Tuesday, February 06, 2007

Another advantage of a gambit repertoire

If you play a repertoire during a long time, you become a person of habit.
A lot of these habits have (has?) grown during a period with lesser knowledge of the game and have become counter productive. The advantage of a gambit repertoire is that you have to replace it some day by a more solid repertoire. At that moment you can get rid of those improductive habits and look with new eyes to the opening. That's the process I'm in now.

Last week I followed a lot of video lectures from Mark Diesen, Pete Tamburro etc.. That is an excellent way to play thru a lot of grandmaster games in a pretty short time. The information is easier passed on than by a book. Especially what is important and what not.
It is good to have some knowledge of the different styles of the respective grandmasters. I'm impressed by the style of Botvinnik which is consequent logical and good to follow. I'm impressed by the style of Kasparov who has very creative solutions for logical problems. I'm impressed by Capablanca who makes things look easy. I'm impressed by Karpov who plays quiet, solid and irresistable.

None of the grandmasters seem to try to steer the game into certain waters. No one tries to avoid complex situations, no one seems to steer to an early endgame except maybe Kramnik who likes to trade queens early. No one shows a biased preference of open or closed positions. So for now I leave the vague concept of steerability as a dead end.

It's great fun to study the mastergames and quite interesting.


  1. You just named the great ones who were allround in their approach (like most world champions), but even they steered their games, albeit just by choice of opening. Maybe it is a dead end for now, but it is good to know there is no such thing as good or bad openings. The question is: Is this opening good for me? Do I like the positions which they lead to?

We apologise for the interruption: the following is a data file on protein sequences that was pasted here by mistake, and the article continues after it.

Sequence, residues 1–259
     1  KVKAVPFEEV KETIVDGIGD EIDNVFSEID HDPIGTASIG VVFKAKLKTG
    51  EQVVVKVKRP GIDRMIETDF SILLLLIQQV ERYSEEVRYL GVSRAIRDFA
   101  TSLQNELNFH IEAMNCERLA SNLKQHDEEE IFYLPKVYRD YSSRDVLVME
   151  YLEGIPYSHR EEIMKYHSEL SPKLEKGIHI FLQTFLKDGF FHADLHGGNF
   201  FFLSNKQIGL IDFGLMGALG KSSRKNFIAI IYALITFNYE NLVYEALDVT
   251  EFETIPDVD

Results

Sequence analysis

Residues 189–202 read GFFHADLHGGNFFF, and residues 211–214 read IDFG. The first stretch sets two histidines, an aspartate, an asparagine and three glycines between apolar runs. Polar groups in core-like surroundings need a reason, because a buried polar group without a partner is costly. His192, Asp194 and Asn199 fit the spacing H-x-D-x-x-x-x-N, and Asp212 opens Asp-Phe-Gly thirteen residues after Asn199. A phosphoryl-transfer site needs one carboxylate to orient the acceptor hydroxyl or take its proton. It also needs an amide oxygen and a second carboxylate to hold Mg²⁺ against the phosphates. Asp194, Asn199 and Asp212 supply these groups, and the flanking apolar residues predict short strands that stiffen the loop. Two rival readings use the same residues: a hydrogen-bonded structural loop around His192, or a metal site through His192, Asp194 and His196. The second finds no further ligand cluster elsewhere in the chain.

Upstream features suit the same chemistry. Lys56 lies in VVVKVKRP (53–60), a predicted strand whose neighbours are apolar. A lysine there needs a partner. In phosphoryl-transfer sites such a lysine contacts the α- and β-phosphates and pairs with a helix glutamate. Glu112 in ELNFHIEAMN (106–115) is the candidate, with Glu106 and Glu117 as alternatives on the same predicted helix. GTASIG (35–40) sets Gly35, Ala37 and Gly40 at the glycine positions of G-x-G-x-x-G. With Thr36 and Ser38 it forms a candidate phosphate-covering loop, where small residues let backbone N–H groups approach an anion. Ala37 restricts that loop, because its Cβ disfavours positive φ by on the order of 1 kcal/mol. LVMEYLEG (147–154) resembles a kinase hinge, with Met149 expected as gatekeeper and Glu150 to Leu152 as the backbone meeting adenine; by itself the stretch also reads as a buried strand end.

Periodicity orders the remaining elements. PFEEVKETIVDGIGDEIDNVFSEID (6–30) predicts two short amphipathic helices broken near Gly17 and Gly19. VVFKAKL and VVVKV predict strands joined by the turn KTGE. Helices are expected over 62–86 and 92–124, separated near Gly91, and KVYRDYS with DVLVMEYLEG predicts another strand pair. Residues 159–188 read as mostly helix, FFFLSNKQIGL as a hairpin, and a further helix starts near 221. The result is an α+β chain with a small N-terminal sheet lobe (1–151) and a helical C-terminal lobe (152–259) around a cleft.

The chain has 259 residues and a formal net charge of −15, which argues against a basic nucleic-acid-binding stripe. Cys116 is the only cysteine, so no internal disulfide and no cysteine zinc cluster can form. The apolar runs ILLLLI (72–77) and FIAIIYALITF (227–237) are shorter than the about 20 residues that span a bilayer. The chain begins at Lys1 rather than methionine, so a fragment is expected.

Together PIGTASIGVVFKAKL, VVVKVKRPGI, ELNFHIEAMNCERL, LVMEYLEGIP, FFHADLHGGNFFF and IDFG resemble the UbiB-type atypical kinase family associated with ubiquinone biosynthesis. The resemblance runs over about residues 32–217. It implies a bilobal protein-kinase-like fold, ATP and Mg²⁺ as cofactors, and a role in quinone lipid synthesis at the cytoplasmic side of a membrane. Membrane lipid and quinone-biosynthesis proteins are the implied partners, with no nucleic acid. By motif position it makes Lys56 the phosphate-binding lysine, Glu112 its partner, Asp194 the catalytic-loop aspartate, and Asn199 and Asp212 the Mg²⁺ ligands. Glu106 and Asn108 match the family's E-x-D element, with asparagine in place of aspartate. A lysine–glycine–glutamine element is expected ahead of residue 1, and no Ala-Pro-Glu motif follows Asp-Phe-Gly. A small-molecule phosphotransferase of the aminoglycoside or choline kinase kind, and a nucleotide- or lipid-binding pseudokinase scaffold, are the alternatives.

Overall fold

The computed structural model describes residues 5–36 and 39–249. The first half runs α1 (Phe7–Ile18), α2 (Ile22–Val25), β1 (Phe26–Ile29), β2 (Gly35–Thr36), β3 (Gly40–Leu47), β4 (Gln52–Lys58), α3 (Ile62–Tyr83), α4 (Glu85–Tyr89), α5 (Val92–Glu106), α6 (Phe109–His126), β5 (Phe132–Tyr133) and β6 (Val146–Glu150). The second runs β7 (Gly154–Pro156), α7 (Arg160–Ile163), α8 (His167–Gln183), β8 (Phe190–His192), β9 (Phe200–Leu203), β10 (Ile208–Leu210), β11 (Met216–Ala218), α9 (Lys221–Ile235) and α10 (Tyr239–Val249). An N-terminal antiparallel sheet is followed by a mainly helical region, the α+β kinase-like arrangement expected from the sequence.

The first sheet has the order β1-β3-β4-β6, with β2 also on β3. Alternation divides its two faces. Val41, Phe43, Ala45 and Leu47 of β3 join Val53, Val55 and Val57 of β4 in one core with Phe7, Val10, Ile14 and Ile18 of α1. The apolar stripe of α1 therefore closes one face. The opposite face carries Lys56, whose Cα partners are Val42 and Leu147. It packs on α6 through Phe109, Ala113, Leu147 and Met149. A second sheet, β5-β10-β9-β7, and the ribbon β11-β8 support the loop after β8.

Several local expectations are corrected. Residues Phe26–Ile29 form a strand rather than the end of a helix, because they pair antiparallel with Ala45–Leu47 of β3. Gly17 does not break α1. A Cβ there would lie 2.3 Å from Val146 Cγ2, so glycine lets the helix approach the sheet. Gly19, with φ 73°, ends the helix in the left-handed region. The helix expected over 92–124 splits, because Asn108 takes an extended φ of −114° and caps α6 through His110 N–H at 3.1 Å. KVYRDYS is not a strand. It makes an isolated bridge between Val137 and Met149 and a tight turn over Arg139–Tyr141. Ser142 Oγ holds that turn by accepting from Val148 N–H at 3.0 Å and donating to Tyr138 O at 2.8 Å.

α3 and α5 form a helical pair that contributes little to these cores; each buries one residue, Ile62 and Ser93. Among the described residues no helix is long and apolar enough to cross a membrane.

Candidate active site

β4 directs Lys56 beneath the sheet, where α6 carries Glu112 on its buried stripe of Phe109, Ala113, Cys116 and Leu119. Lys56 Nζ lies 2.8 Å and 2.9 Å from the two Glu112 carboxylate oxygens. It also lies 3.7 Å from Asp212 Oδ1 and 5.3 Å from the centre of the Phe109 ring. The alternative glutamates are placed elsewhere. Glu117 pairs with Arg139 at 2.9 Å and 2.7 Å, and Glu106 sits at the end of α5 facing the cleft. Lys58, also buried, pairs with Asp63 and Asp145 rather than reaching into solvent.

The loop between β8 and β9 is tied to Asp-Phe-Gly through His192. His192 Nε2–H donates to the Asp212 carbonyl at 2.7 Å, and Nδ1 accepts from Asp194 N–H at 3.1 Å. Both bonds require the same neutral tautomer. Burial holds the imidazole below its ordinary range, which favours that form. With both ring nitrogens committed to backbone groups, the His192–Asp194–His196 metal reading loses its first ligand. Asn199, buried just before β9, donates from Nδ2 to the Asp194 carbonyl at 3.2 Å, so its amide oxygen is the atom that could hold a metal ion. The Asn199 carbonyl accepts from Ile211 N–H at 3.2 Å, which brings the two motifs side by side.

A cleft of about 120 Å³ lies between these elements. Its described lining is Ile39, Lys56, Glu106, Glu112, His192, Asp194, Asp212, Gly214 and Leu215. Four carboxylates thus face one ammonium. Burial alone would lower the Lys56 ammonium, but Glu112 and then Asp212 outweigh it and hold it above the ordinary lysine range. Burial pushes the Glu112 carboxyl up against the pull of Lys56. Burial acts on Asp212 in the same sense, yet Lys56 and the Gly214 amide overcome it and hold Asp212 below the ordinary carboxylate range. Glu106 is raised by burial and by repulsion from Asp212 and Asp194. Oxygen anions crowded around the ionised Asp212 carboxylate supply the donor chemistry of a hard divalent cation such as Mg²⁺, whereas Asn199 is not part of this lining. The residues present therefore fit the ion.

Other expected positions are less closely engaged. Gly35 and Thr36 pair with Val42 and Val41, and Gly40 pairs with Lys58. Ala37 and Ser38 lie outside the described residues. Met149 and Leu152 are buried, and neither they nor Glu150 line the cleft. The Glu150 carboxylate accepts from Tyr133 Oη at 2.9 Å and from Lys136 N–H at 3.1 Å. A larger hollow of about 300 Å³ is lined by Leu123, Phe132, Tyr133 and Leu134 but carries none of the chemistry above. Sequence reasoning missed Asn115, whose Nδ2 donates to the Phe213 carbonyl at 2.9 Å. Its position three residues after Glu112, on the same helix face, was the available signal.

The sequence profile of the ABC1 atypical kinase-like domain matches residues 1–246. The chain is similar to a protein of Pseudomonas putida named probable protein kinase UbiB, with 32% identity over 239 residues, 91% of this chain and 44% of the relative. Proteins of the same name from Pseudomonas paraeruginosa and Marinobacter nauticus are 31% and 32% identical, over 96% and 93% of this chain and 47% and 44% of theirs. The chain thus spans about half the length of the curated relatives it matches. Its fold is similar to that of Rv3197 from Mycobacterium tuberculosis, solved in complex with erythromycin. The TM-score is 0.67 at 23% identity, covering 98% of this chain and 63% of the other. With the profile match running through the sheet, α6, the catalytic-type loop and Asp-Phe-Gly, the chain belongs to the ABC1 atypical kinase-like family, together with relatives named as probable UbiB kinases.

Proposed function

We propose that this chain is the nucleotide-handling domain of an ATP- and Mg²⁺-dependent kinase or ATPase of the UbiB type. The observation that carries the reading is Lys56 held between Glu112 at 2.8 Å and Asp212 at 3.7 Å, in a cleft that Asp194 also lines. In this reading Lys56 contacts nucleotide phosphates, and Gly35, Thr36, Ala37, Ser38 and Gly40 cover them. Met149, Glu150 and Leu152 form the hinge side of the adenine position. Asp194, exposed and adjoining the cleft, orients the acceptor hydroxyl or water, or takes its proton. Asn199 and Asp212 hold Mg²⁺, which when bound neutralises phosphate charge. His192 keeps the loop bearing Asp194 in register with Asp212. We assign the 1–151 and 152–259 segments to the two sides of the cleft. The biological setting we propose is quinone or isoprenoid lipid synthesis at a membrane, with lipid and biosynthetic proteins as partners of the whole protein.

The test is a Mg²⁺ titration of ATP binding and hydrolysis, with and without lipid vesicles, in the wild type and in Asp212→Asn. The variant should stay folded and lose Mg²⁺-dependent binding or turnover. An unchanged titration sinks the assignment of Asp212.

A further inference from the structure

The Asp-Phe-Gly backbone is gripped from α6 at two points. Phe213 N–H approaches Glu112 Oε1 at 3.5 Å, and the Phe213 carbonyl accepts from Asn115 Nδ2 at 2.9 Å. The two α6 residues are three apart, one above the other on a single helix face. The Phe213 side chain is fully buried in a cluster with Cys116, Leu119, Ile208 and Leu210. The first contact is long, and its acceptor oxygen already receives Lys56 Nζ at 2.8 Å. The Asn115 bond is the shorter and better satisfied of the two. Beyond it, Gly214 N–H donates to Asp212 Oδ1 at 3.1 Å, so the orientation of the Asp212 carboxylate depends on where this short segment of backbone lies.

2. Tempo, I just would like to know what exactly you do in order to "study" the mastergames ? I mean, what procedure or method.

  3. Shakhmat, I just absorb the lectures to get familiar with the different middlegame plans and I try the idea's in my own games.

  4. Fier,
    I haven't made up my mind yet about my openings. There is a lot to investigate and I'm learning every day. I'm in no hurry.

  5. hello tempo, im picking my head up from deep considerations at CC chess at RHP (corresp chess and red hot pawn for those not initiated as cognisenti):

    (its exhausting, but i must get these dark five wins to be rated at RHP, whomever or by however it may be... i must have a tool to make a tool inorder to make a tool. :) )

    there is not much i can say, as yo already know or have the ability to find. two things.

    i REALLY appreciate the sense of your saying, the sensibleness of the idea of adopting a gambit reporatore. when i jumped from YEARS OF rapids (3/12) to blitz (3/8), my coach told not to play d4 or Nf3 but e4 and gambits, to 'force you to play for the initiative', or get 'used to the idea of playing for it'...

    now, no longer playing those, i appreciate those tempos, no pun intended.

    second, have you looked at the far simpler tombe, fines ideaBehindTheChessOpenings? he presents it so simply, and cogently. and thereafer, soltis pawn structure?

    do you pair sets of openings that relate, i.e. the slav or caro for d4 and e4, but relating in structure?

    or kings indian reverse and dragon, or dragon and english as white? coordinated efforts...

    well, back to work... i must get those 0.399% wins down from 0.42992 in my bullet games. see comments, my last post.


  6. Trans,
    I ordered the book of fine. I am busy with Soltis book. Which is a rather optimistic formulation.

  7. i actually believe, in my 'heart of hearts' (or truist or deepest heart), that schereshevksys 'endgame strategy' fits with those two as a triumphate.

    this fits with your penchant of PCT study and opening and planning initiative, all together, if you follow.

    dont read one or two, but all three as one.

    the plan of the plan!

    bottvinnik was known for having plans inside HIS plans...

    trans is fine if you prefer, no worries, but david is ok out here too. trans is clearer to new readers, of course.